As the breed is not independently recognised, very little is known about its early origins and development. While we know it exists in the Auvergne region of south central France, there is much speculation about how it came to be there; some suggest it descends from ancient Navarrin horses being bred to Thoroughbreds, while others believe it arrived naturally in the region from prehistoric animals.
Popular with the French cavalry at the start of the 19th century, the Auvergne was a strong and dependable war mount that was also well suited to the demands of agriculture as a light draught horse. With the advent of mechanised transport in the latter part of the 20th century, the Auvergne fell from grace and breed numbers diminished.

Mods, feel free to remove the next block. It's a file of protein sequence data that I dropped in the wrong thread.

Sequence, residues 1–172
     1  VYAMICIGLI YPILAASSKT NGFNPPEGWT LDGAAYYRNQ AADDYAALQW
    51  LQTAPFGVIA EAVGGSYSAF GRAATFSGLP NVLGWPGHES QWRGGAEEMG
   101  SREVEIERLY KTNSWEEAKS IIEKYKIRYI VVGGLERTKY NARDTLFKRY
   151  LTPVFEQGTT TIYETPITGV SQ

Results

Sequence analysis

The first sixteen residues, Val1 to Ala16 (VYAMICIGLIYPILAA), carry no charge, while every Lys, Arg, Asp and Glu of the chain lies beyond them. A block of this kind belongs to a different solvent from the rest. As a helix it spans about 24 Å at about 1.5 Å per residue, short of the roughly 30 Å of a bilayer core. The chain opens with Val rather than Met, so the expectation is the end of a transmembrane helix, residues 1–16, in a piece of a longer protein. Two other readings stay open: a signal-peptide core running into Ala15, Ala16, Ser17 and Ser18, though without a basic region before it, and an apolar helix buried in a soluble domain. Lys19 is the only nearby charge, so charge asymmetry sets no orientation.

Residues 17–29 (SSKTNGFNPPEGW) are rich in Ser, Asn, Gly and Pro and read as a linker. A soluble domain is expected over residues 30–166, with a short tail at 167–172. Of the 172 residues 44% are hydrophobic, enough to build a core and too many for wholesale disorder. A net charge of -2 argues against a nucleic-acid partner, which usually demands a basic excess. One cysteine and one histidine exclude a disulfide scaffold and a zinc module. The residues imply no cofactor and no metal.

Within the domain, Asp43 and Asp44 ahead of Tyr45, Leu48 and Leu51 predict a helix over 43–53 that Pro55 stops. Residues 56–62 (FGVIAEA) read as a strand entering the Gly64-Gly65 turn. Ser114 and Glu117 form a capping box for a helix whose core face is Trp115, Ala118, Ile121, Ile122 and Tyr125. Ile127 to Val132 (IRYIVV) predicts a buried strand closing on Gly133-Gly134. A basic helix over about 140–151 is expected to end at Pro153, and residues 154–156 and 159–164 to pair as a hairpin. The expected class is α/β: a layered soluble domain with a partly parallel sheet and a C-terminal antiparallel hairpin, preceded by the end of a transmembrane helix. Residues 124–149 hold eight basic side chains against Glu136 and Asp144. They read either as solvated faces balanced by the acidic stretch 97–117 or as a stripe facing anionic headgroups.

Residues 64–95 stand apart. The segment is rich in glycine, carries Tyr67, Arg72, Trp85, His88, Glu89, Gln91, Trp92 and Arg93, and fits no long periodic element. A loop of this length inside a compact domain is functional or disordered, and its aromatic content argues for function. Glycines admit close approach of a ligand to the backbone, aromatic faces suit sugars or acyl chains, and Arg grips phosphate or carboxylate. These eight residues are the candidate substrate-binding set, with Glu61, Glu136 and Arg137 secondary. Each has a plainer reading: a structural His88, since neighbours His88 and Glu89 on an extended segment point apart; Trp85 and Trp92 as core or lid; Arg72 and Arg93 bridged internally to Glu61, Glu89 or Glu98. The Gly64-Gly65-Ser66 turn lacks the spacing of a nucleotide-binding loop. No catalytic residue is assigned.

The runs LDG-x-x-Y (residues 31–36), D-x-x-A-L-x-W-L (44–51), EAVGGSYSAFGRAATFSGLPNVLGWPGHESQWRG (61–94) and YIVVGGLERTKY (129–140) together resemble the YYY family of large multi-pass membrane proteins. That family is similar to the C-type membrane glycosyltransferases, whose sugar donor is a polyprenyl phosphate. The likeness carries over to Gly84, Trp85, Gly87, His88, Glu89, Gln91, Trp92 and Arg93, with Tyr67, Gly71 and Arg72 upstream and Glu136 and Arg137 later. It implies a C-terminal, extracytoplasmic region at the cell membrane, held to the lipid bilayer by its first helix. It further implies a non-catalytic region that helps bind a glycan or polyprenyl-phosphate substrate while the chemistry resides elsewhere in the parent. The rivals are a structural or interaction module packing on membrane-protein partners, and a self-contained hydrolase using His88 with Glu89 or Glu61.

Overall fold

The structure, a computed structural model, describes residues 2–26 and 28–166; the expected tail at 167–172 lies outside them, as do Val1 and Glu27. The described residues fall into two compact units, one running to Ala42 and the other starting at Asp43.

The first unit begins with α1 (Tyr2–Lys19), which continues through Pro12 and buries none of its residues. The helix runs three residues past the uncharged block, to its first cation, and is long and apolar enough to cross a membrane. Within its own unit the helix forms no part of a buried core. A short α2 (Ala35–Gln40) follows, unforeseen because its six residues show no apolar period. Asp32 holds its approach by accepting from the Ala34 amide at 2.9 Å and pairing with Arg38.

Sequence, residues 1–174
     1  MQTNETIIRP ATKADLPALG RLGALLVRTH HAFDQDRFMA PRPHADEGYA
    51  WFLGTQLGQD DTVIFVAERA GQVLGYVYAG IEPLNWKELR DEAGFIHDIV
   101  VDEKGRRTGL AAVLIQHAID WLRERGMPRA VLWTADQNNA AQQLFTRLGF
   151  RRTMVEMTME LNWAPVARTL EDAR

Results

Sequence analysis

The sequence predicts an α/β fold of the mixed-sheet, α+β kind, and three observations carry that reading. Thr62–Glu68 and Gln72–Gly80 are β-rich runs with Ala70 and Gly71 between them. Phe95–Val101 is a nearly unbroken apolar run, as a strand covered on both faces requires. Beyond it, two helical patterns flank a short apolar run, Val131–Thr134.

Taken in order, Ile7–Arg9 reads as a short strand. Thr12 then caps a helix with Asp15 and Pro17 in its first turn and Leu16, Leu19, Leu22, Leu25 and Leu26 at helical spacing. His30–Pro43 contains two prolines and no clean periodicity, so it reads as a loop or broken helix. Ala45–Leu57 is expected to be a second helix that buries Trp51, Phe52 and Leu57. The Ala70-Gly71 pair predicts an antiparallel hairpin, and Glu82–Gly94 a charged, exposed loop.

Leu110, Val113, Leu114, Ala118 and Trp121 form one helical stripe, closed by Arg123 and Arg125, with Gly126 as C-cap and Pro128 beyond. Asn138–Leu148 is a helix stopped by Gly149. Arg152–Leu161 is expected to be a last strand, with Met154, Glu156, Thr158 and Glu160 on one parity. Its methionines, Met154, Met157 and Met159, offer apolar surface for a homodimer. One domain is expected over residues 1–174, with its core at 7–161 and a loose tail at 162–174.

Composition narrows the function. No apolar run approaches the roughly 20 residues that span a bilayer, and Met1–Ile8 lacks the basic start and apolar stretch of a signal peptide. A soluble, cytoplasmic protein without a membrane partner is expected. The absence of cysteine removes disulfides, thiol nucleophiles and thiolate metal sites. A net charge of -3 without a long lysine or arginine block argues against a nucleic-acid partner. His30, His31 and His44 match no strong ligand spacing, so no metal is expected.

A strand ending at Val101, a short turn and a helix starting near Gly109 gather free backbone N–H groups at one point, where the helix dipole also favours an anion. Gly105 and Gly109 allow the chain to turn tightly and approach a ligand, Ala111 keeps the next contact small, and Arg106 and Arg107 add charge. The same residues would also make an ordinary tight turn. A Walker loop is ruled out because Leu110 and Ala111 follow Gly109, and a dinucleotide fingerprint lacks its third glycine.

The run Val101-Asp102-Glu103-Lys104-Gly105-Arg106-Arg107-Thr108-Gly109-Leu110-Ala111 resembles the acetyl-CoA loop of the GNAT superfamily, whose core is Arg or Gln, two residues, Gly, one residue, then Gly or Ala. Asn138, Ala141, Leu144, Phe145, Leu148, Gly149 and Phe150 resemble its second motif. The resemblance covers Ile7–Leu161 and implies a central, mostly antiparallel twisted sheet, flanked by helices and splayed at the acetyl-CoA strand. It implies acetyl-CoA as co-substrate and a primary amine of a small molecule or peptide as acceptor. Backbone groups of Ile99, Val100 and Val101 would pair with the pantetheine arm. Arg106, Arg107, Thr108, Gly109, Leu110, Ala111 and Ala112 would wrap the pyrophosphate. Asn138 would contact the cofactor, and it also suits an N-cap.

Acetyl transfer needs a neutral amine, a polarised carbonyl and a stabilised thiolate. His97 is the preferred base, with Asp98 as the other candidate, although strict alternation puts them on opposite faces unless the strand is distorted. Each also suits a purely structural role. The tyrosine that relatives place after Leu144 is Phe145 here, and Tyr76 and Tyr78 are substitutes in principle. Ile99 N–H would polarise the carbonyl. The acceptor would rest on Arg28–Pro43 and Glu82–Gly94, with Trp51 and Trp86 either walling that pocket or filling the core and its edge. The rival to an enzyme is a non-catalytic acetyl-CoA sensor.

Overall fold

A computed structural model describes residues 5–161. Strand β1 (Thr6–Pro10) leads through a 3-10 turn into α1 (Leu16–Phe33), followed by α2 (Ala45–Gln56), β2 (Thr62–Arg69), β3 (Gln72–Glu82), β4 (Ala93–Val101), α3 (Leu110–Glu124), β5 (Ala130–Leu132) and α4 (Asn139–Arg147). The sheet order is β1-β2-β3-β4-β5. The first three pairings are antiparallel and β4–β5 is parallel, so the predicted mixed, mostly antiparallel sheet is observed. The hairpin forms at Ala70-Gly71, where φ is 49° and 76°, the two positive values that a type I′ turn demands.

It is uncertain which horse breeds contributed to the development of the Auvergne, although its slightly oriental look lends itself to Friesian and Barbary influence. Today the breed remains rare outside its homeland and is a popular choice for horse meat.
Sturdy and well conformed, the Auvergne is observed in colours of seal brown and bay. The average height is 14 hands although smaller and larger examples are seen.
During the 17th century, the bloodline was separated into two different strains – the war horse, influenced by Anglo-Arab and Thoroughbred blood, and the hardier farm horse.